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You used to used a slide What?

Updated on August 27, 2009

What is a slide rule?

In a day when scientific calculators can be bought for under $10 and when a $150 graphing calculator Can do math problems better than a computer which took up an entire room in the 1960s, the idea of using a tool as primitive as a slide rule seems ridiculous. However, at the risk of showing my age, I'll let you know that as a requirement to starting classes my freshman year of college I was required to buy a $50 piece of bamboo which was the only tool I was allowed to use in my calculus class. I'm not saying that calculators didn't exist, I'm just saying they were nowhere near as useful as they are today. For that reason, they were not considered a valid tool. Now I haven't done a survey on this, but I'd be willing to bet that there are very few people today who are competent at using a slide rule.

Now, to understand how a slide rule was put together, you need to understand another mathematical term, which is in use today. This term would be a logarithm. Now for some reason, students get all confused by logarithms. However, the logarithm is nothing but an exponent that you put a base to, to get a number. For example, in 10 squared is 100, 10 is the base, two is the exponent, and 100 is the answer. We therefore could say that the log of 100 is 2.

Now there is a property of logarithms that makes them useful in scales. And that is that when you have something which is growing exponentially that goes right off the graph quickly, you can make it linear, meaning a straight line graph, by simply graphing the logs of the numbers instead of the numbers themselves. This property is one of the properties which make slide rules work.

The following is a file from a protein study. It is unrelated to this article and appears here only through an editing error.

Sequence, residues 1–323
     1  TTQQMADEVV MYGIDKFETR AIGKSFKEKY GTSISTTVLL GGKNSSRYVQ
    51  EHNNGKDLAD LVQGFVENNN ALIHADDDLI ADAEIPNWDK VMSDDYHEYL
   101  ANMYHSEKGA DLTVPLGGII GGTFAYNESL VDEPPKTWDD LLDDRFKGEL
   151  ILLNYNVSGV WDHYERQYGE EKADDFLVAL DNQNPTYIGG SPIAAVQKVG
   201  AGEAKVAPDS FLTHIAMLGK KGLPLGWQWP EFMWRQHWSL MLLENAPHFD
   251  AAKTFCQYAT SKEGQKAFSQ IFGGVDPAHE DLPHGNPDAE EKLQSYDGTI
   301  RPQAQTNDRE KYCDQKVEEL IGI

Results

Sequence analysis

You also have to understand that every number has a logarithm. For example, the log of three is approximately .477, and the log of 30 is 1.477, and the log of 300 is 2.477, and the log of 3000 is 3.477, and so on. This is based on the fact that when you are multiplying numbers having the same base with exponents you add the exponents. This is what made logarithms so popular with mathematicians and scientists of yesteryear, they turned somewhat complex multiplication and division problems into relatively simple addition and subtraction problems.

Now if you take two rulers and you want to add 2+3, you could put the second ruler with its beginning at two and go up to three on the second ruler and you'll notice that on the first ruler that point is five. This is the basic for the slide rule. If I wanted to take 7-3 I could take the second ruler and put the three on seven of the first ruler and go back to the beginning of the second ruler and it will be at the number four. Now in using exponents, you add them when you want to multiply, and subtract them when you want to divide. So all a slide rule is, is two rulers with logarithms instead of inches as their scale. Now on an actual slide rule, there are several scales, including one just like the ruler which is used for addition and subtraction problems. But no matter which scale used, they all essentially work the same way.